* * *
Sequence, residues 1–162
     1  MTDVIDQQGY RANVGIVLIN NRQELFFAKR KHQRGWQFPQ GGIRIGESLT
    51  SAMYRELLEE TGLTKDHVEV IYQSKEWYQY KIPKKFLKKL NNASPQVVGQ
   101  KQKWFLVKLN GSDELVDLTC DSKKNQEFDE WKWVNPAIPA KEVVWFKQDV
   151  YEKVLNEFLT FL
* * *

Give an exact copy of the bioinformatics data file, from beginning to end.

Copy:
Sequence, residues 1–162
     1  MTDVIDQQGY RANVGIVLIN NRQELFFAKR KHQRGWQFPQ GGIRIGESLT
    51  SAMYRELLEE TGLTKDHVEV IYQSKEWYQY KIPKKFLKKL NNASPQVVGQ
   101  KQKWFLVKLN GSDELVDLTC DSKKNQEFDE WKWVNPAIPA KEVVWFKQDV
   151  YEKVLNEFLT FL